OBJECTIVE: A previous study described the effect of a collaborative care intervention on improving adherence to antidepressant medications and depressive and functional outcomes of patients with persistent depressive symptoms 8 weeks after the primary care physician initiated treatment. This paper examined the 28-month effect of this intervention on adherence, depressive symptoms, functioning, and health care costs.
DESIGN: Randomized trial of stepped collaborative care intervention versus usual care.
SETTING: HMO in Seattle, Wash.
PATIENTS: Patients with major depression were stratified into severe and moderate depression groups prior to randomization.
INTERVENTIONS: A multifaceted intervention targeting patient, physician, and process of care, using collaborative management by a psychiatrist and a primary care physician.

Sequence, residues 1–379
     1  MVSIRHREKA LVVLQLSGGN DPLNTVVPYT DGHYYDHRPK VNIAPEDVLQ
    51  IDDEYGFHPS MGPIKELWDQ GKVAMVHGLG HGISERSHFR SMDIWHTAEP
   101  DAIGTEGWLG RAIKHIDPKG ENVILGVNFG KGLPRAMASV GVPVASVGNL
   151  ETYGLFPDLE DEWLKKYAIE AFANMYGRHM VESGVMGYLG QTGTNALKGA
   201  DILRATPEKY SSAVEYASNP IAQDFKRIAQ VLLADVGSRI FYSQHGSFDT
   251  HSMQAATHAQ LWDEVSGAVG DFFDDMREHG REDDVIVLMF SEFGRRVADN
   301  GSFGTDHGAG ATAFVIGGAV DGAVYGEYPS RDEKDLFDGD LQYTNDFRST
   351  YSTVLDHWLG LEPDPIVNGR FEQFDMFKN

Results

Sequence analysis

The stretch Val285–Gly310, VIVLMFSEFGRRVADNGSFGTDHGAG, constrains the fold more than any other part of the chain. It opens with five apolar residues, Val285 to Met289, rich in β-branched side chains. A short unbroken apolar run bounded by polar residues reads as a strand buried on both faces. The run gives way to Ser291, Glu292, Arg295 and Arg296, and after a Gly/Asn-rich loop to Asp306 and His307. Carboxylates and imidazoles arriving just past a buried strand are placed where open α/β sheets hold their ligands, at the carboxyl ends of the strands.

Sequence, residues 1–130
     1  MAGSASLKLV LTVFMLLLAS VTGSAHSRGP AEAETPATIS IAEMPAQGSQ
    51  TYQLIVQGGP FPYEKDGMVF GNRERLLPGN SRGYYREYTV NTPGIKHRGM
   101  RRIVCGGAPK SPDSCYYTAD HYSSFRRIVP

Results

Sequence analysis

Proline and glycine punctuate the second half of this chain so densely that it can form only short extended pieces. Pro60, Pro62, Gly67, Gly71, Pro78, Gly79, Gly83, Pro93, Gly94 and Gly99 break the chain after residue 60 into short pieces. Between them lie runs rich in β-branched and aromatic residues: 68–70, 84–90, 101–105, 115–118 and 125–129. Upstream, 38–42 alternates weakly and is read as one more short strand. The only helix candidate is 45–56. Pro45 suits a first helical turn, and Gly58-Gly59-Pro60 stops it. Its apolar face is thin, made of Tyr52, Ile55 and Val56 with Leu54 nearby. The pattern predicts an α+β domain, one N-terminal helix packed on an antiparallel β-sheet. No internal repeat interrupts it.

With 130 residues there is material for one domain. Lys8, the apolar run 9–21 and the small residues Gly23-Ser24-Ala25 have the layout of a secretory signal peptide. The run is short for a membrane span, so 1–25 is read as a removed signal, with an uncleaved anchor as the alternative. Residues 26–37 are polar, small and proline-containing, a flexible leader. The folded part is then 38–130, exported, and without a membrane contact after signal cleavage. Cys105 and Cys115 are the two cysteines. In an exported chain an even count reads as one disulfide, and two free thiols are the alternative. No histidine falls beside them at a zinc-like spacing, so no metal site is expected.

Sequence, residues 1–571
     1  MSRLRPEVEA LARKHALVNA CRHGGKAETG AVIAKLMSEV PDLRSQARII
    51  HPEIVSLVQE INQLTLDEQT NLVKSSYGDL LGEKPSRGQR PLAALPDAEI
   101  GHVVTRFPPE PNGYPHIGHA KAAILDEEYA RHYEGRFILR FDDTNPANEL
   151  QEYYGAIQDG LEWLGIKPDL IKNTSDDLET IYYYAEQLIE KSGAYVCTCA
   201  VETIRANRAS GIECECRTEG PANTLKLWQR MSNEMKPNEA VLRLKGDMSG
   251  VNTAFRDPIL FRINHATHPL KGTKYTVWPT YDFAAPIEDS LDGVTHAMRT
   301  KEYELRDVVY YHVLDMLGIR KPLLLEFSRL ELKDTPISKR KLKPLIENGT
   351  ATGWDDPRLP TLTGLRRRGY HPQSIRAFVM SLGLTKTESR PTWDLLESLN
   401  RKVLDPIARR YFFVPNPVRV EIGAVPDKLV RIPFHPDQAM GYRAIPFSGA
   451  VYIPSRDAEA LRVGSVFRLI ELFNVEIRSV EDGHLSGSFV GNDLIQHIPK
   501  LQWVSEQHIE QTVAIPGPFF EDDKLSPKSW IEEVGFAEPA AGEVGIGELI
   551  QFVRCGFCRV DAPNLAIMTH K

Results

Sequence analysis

MEASURES AND MAIN RESULTS: The collaborative care intervention was associated with continued improvement in depressive symptoms at 28 months in patients in the moderate-severity group (F1,87=8.65; P=.004), but not in patients in the high-severity group (F1,51=0.02; P=.88) Improvements in the intervention group in antidepressant adherence were found to occur for the first 6 months (χ2(1)=8.23; P<.01) and second 6-month period (χ2(1)=5.98; P<.05) after randomization in the high-severity group and for 6 months after randomization in the moderate-severity group(χ2(1)=6.10; P<.05). There were no significant differences in total ambulatory costs between intervention and control patients over the 28-month period (F1,180=0.77; P=.40).
CONCLUSIONS: A collaborative care intervention was associated with sustained improvement in depressive outcomes without additional health care costs in approximately two thirds of primary care patients with persistent depressive symptoms.
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